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Livesign launches electronic witnessing of signatures

Australian technology binds digital signatures with photo identification at the precise point of signing.

Technology Tony Zhang 21 April 2022
— 2 minute read

Australian start-up the Law Store has combined digital signing with identity verification in Livesign, which allows electronic witnessing of a document signature for the first time.

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The technology solves the problem of authenticating a witness when signing electronically and makes the process clear and non-repudiable.

The chief executive of thelawstore.com.au, Ian Hendey, said businesses that relied on electronic signatures left themselves susceptible to fraud.

Unlike in the past, when signing and witnessing took place simultaneously in person (therefore automatically verifying identity), the processes had been separated by digitisation. 

He said this separation was a significant problem for the types of high-value documents handled by accountants and advisers, which needed certainty that the person signing was who they claimed to be.

“Digital signing and digital verification of identity (VOI) are no longer just conveniences, they’re an expectation, especially in industries such as conveyancing and mortgage lending,” Mr Hendey said.

“With the explosion of digital processes and automation over the past few years, we saw a real gap in security, and a gap in the market. Digital VOI only does half the job.

“We identified the need for a technology solution to allow you to sign a document and prove your identity at the same time. This is why we call it witnessing re-imagined – not witnessing removed.”

He said Livesign digitised the signing process and also secured it by knowing who was behind the signature at the precise moment of digital execution.

“We’re increasing the security of the witnessing process to provide the safety of in-person witnessing with the convenience of digital. Effectively, a mobile phone has become the secure witness in a digital world,” Mr Hendey said.

Mr Hendey said Livesign removed the risk of not having a physical human witness by biometrically binding the person behind the digital signature to their government-issued ID at the point of signing, known as verification of signer (VOS).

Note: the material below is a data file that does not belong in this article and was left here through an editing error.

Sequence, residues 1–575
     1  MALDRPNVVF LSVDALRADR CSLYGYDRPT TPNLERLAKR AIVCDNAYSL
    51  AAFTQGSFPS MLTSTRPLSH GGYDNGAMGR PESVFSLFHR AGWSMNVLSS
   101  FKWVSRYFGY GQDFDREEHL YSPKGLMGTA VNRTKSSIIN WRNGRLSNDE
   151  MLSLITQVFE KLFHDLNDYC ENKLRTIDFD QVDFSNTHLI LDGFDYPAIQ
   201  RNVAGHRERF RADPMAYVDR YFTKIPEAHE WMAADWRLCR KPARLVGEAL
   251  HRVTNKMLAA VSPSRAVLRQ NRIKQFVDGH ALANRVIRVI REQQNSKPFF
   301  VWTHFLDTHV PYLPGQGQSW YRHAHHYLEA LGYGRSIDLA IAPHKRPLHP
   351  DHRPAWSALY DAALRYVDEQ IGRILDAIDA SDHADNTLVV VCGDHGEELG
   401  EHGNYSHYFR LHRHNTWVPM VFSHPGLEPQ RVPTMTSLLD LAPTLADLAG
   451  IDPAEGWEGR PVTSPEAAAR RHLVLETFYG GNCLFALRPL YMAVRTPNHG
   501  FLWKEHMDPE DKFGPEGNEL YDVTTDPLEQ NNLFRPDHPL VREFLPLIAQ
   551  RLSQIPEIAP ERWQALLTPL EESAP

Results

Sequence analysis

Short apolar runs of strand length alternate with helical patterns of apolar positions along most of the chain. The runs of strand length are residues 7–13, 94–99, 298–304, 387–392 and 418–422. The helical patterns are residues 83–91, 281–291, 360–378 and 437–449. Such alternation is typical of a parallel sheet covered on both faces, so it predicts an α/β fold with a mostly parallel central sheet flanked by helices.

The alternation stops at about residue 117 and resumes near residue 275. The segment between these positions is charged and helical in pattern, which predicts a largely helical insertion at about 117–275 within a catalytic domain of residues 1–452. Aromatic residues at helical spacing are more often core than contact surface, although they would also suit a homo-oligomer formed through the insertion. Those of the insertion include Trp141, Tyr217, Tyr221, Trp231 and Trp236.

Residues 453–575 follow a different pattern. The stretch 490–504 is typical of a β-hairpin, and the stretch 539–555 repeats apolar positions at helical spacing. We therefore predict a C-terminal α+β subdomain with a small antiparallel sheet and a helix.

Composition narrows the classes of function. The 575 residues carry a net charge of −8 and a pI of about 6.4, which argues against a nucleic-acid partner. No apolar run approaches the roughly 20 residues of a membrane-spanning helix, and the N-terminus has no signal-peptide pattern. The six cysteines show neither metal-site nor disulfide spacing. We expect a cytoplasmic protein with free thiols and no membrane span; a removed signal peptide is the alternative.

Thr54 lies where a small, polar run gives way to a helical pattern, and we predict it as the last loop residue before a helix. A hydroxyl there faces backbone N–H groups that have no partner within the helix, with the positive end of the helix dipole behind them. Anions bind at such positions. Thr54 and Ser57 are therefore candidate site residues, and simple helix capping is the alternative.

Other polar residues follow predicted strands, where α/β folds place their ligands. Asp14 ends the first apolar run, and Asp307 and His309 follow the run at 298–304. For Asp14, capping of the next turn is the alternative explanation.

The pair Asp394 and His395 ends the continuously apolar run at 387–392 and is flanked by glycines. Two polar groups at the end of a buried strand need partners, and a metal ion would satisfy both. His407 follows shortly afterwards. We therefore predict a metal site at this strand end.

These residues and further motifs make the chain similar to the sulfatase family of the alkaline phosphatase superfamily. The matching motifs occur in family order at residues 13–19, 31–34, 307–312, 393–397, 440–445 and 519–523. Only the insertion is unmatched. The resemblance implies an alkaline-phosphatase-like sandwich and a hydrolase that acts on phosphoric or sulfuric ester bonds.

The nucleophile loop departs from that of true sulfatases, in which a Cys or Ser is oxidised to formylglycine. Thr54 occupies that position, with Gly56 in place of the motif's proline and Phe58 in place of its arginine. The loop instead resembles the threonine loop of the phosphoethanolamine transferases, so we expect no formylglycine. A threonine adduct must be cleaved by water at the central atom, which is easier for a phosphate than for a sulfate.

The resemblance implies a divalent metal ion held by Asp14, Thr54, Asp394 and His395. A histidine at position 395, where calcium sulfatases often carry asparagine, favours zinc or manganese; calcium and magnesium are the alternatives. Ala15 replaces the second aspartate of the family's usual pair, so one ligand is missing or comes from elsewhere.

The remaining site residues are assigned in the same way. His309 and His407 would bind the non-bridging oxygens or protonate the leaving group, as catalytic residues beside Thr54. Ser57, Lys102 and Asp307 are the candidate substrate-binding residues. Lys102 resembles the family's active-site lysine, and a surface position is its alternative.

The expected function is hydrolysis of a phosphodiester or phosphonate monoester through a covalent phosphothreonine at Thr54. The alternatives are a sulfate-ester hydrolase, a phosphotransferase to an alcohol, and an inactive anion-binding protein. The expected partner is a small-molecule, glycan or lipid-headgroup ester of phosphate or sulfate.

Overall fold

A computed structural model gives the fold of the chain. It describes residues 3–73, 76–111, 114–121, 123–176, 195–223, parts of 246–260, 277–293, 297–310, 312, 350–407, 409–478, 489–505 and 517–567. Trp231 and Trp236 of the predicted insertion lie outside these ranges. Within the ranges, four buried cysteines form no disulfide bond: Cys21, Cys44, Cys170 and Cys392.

This meant the digital signature could not be completed by anyone else, making it more secure and less open to fraud than previous processes.

Livesign also made it more efficient and frictionless for all parties to verify identity of customer or signer – no matter where they were located.

The head of customer operations at Gateway Bank, Zeb Drummond, said that the move to one-stop signature and witnessing had made its processes more efficient and secure.

“Gateway Bank has streamlined its customer service, reducing the digital VOI process and document signing from 12 days to five minutes, whilst also mitigating fraud, operational and security risks,” Mr Drummond said.

“Livesign has removed barriers for customers in rural and regional areas Australia-wide, as they don’t need to rely on the postal service or face-to-face verifications when signing mortgage documents.” 

Livesign is now available to all Australian organisations as they move towards increased use of electronic sending and signing of important documents.

Livesign launches electronic witnessing of signatures
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Tony Zhang

Tony Zhang

Tony Zhang is a journalist at Accountants Daily, which is the leading source of news, strategy and educational content for professionals working in the accounting sector.

Since joining the Momentum Media team in 2020, Tony has written for a range of its publications including Lawyers Weekly, Adviser Innovation, ifa and SMSF Adviser. He has been full-time on Accountants Daily since September 2021.

You can email Tony at This email address is being protected from spambots. You need JavaScript enabled to view it.

Technology